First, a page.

"No. I – "

"I know I'm too direct. I never learned how to say things to please a woman. I've spent most of my life studying men – business men – trying to take their minds apart, to know exactly how they think and why. I never did that with women. Erin and I understood each other from the start. After she died, I forgot what little I knew. Since then I haven't been interested enough in any woman to learn how to please her. At least not the way I'm interested in pleasing you."

It was on the tip of her tongue to ask what way was that. Fortunately, Ron continued.

"I never can think of romantic things to say. I just come right out and say what I want. And I want you."

She didn't think anything he could have said, no matter how romantically phrased, could have affected her any more strongly than that bald statement. There was no pretense, no attempt to disguise or blunt the power of his words. He had laid it right out there without any hesitation, without any equivocation.

"Have I frightened you?"

"No, but you have surprised me."

"Why? I haven't attempted to hide that I'm strongly attracted to you. I was that first night."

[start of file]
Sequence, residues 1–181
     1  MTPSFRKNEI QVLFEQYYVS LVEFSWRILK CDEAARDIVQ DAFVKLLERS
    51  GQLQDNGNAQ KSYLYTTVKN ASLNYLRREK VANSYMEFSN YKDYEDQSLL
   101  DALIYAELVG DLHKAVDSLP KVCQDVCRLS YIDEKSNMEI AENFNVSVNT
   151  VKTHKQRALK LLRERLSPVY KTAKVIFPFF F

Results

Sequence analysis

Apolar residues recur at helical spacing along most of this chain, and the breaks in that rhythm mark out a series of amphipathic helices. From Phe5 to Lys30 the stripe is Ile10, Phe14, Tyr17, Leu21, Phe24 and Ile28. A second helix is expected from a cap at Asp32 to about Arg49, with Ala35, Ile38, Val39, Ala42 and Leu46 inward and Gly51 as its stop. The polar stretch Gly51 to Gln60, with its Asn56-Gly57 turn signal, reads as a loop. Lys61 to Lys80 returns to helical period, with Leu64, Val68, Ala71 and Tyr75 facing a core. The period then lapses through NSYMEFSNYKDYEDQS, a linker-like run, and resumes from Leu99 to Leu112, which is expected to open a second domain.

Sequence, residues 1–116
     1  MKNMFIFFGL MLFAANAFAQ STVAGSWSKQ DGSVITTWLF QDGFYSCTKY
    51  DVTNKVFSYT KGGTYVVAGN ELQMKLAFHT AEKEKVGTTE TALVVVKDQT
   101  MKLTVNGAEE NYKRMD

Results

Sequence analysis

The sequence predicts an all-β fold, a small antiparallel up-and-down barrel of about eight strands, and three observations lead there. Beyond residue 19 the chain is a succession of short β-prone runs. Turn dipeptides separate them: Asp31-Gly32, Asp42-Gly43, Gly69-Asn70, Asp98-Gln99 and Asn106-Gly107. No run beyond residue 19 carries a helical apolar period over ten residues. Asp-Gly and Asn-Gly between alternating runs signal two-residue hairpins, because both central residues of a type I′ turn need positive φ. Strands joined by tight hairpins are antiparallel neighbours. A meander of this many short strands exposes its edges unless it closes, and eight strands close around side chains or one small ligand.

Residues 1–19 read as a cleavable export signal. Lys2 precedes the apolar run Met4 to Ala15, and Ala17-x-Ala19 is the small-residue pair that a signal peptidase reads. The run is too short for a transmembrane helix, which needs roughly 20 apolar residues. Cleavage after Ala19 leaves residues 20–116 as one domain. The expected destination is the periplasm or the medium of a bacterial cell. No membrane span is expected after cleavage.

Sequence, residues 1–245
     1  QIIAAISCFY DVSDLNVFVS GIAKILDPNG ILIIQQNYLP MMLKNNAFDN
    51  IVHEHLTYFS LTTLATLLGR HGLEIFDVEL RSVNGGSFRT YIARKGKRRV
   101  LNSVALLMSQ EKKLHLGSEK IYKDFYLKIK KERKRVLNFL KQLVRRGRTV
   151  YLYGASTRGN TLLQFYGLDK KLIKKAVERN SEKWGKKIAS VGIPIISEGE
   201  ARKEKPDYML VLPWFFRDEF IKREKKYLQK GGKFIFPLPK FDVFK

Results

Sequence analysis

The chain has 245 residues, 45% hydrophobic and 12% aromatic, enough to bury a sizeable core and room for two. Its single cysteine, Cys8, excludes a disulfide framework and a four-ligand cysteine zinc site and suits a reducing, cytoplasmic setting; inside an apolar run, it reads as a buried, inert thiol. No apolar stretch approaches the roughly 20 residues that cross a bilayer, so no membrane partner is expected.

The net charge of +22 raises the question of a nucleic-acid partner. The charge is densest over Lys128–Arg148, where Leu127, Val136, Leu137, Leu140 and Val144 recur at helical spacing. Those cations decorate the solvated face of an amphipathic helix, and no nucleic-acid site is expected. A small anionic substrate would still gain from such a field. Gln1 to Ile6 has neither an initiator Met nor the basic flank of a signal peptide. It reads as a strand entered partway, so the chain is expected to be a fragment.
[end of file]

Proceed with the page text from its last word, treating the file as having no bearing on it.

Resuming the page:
"I haven't been thinking about you like that."

"Why not? Don't you find me attractive?"

"You know I do. I'm sure every woman you've ever met has felt the same way."

"I'm not interested in every woman. I'm interested in you." He turned toward her for so long she had to stop herself from telling him to watch the road.

"I like you and find you attractive, but the purpose of our relationship is to find a way to bring you and your daughter back together."

"That may have been true for two or three minutes. Probably not even that long."

"Do you always make up your mind that quickly?"

"No. I'm usually extremely deliberate. I think through the situation from every possible angle, weigh all outcomes very carefully, then step back and start the process all over again."

"What made it so different with me?"

He grinned, something he did too often for her comfort.

"There was nothing to weigh. You were the enemy. You disapproved of everything about me. So it was safe to be attracted to you."

"Did anybody ever tell you that you're a strange man? What man in his right mind would think like that?"

"It depends on what you consider a right mind. A pragmatist would say I was a fool and needed mental help."

"So would I."

"But a romantic – and remember all dreamers are romantics at heart – would feel Fate had intervened and shown him the one woman in the world who was destined to make him supremely happy."

"Not even a romantic could be that harebrained. Besides, you're not looking for some woman to make you supremely happy, at least not beyond a night or a weekend. You're married to your work. You're having trouble making room in your life for your daughter."